Should the diabetes development road end for Sanofi?

Sanofi has said goodbye to Lexicon, but after years of failing to keep up with rivals, there is scope for the French drug maker to make more drastic cuts to its diabetes pipeline.

Sanofi’s diabetes pipeline keeps getting smaller. Yesterday the French group formally cut its ties with Lexicon Pharmaceuticals, terminating any future involvement in Zynquista. After the SGLT-1/2 inhibitor failed to offer real differentiation from much more entrenched rivals, Sanofi's decision to cut its losses is understandable. 

An analysis of the remainder of the French pharma giant's diabetes pipeline, using EvaluatePharma Vision data, suggests that this might not be the last project to which Sanofi could bid farewell. In particular, the case for continuing development of efpeglenatide looks increasingly hard to justify, as the group's position in the global diabetes market continues to shrink.

Top forecast diabetes drugs in 2024
Product Company Pharmacological Class 2018 sales ($bn) 2024e sales ($bn)
Trulicity Eli Lilly Once weekly GLP 1 agonist 3.20 7.13
Ozempic Novo Nordisk Once weekly GLP 1 agonist 0.28 5.28
Semaglutide Oral Novo Nordisk oral GLP 1 agonist (filed) - 3.23
Jardiance Boehringer Ingelheim/Yuhan SGLT 2 inhibitor 1.75 3.24
NovoRapid Novo Nordisk Insulin  2.97 2.43
Farxiga AstraZeneca/Ono Pharmaceutical SGLT 2 inhibitor 1.44 2.59
Tresiba Novo Nordisk Insulin  1.27 2.36
Lantus Sanofi Insulin  4.21 2.19
Humalog Eli Lilly Insulin  3.00 2.02
Tradjenta Boehringer Ingelheim DPP IV inhibitor 1.65 1.50
Source: EvaluatePharma.

Sanofi’s diminishing status in this world is highlighted by the fact that Lantus only just makes the list of the top 10 biggest selling diabetes drugs in 2024. Sales of Sanofi's crown jewel are forecast to fall by 10% annually, hit by biosimilars and falling prices. 

The group's second biggest diabetes product, Toujeo, is only forecast to grow by 3% a year, and its sales contribution will not even touch the sides of the hole left by Lantus. The company's other innovative efforts, via deals with Lexicon and Zealand Pharma, from which it licensed Adlyxin, have been left in the dust by rivals. 

Sanofi's remaining big effort here is efpeglenatide, a once-weekly GLP 1 agonist licensed from Hanmi. This is currently the subject of five phase III trials, including one large outcomes study. 

Sanofi's diabetes offerings
Product Pharmacological Class 2018 sales ($m) 2024e sales ($m)
Lantus Insulin  4,211 2,187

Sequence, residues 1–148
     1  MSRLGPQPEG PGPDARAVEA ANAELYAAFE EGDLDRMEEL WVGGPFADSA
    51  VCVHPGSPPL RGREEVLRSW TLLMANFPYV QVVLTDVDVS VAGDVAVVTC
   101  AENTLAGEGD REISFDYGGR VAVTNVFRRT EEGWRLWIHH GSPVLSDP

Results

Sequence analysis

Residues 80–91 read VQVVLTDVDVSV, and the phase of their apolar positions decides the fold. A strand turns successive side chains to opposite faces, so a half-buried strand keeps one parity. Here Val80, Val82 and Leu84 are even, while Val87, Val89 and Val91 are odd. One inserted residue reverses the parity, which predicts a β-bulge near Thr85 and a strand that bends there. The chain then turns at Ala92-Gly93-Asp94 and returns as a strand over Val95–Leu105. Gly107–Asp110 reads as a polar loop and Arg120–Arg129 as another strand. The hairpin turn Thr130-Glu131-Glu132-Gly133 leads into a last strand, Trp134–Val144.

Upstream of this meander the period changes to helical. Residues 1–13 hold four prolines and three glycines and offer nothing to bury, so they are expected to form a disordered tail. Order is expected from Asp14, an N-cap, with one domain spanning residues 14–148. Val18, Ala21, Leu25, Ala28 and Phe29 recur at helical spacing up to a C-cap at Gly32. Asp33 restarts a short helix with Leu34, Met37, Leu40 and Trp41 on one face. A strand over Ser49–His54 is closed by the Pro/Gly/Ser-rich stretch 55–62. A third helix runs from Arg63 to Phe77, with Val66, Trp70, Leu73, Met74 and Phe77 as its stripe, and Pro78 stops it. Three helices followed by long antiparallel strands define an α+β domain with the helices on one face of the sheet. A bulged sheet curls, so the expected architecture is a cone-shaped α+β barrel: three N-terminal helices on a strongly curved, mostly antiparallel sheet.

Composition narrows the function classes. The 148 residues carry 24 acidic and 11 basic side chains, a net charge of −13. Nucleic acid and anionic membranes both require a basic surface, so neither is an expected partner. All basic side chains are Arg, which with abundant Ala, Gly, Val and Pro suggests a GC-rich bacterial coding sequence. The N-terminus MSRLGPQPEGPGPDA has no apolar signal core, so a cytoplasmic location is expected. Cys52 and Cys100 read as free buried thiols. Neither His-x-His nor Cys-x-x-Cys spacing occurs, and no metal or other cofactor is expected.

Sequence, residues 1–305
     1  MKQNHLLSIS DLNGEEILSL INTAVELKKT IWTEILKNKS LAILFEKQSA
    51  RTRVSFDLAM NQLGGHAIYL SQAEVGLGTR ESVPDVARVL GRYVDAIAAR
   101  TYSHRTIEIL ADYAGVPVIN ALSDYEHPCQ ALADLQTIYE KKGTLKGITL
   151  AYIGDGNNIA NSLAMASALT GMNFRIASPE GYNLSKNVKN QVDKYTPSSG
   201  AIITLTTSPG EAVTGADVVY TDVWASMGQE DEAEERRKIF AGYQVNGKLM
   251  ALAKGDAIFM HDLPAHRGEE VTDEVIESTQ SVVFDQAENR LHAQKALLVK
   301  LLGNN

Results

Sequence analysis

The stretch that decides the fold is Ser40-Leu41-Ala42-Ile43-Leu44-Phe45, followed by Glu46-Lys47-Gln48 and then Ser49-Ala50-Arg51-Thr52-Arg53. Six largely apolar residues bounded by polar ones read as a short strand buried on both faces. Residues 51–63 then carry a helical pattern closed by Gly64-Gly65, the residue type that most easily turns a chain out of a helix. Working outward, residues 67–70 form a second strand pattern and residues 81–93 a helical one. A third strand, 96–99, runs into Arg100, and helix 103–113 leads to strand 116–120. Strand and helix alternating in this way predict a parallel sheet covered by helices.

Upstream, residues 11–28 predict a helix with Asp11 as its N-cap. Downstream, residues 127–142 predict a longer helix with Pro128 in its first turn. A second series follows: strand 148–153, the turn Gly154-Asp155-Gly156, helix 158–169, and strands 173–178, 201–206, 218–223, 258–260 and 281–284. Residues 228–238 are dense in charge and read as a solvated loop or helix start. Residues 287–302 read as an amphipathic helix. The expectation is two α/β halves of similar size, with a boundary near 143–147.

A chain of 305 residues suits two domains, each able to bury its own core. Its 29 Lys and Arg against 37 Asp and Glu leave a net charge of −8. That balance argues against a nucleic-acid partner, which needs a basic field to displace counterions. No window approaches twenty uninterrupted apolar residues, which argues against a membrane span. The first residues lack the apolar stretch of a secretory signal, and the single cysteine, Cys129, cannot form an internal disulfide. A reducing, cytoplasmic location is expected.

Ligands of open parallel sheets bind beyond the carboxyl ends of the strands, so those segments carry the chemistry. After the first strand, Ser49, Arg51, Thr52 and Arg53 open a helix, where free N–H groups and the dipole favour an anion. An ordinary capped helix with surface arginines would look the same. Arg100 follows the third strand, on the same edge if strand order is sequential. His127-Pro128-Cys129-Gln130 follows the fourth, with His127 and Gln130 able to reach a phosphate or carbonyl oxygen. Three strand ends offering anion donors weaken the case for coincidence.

Toujeo Insulin  992 1,195
Admelog Insulin  110 687
Amaryl Sulphonylurea 396 418
Apidra Insulin  422 380
Zynquista SGLT 1/2 inhibitor - 331
Soliqua 100/33 GLP 1 agonist & insulin  86 231
Adlyxin GLP 1 agonist 66 128
Efpeglenatide GLP 1 agonist   91
Insuman Insulin 107 80
Source: EvaluatePharma

In a world where Eli Lily and Novo Nordisk are predicted to dominate with their already launched once-weekly GLP 1 agonists, Sanofi's pitch to stay in the race is a bold head-to-head trial against Lilly's Trulicity. This is the 900-patient Amplitude D trial, slated to yield results in early 2021.

Given Trulicity’s dominance, efpeglenatide will have to come up with some pretty convincing numbers to steal sales from the Eli Lilly drug. The cardiovascular outcomes trial, Amplitude O, will only read out at the end of 2021; again Sanofi is behind its rivals.

The question thus becomes: is the cost of pursuing efpeglenatide in type 2 diabetes worth it?

Counting the cost

According to EvaluatePharma Vision estimates, the efpeglenatide programme could cost Sanofi just over $1bn. Over half has already been spent, but according to Evaluate's calculations the clinical trials will cost the company a further $580m. 

The Lexicon write-off shows that Sanofi is prepared to draw a line under investments. Could the same happen here? 

It might also be worth remembering that efpeglenatide was originally a Hanmi drug. While the past performance is not always a guide to future performance, Hanmi does not have a stellar record in delivering for companies that have licensed its products.

Perhaps Sanofi's real hopes for efpeglenatide are in obesity. But the company's new chief executive, Paul Hudson, must be taking a long, hard look at the rationale for investing hundreds of millions more dollars into a product which stands little chance of being either better or different.

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